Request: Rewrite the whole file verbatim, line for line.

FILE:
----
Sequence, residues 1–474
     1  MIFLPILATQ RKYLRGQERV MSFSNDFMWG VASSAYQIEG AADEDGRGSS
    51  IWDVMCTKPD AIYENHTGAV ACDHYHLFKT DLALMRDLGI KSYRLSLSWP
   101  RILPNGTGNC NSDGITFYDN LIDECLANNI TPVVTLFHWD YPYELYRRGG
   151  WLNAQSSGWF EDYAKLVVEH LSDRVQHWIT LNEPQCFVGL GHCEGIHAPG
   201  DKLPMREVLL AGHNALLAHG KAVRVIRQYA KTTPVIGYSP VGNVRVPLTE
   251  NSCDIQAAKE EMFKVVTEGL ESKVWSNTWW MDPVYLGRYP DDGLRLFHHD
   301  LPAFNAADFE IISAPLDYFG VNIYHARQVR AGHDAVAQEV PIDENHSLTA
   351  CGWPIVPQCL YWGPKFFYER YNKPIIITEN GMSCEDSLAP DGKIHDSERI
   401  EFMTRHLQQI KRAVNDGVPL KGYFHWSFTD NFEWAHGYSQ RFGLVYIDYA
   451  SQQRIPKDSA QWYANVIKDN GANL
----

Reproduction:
Sequence, residues 1–474
     1  MIFLPILATQ RKYLRGQERV MSFSNDFMWG VASSAYQIEG AADEDGRGSS
    51  IWDVMCTKPD AIYENHTGAV ACDHYHLFKT DLALMRDLGI KSYRLSLSWP
   101  RILPNGTGNC NSDGITFYDN LIDECLANNI TPVVTLFHWD YPYELYRRGG
   151  WLNAQSSGWF EDYAKLVVEH LSDRVQHWIT LNEPQCFVGL GHCEGIHAPG
   201  DKLPMREVLL AGHNALLAHG KAVRVIRQYA KTTPVIGYSP VGNVRVPLTE
   251  NSCDIQAAKE EMFKVVTEGL ESKVWSNTWW MDPVYLGRYP DDGLRLFHHD
   301  LPAFNAADFE IISAPLDYFG VNIYHARQVR AGHDAVAQEV PIDENHSLTA
   351  CGWPIVPQCL YWGPKFFYER YNKPIIITEN GMSCEDSLAP DGKIHDSERI
   401  EFMTRHLQQI KRAVNDGVPL KGYFHWSFTD NFEWAHGYSQ RFGLVYIDYA
   451  SQQRIPKDSA QWYANVIKDN GANL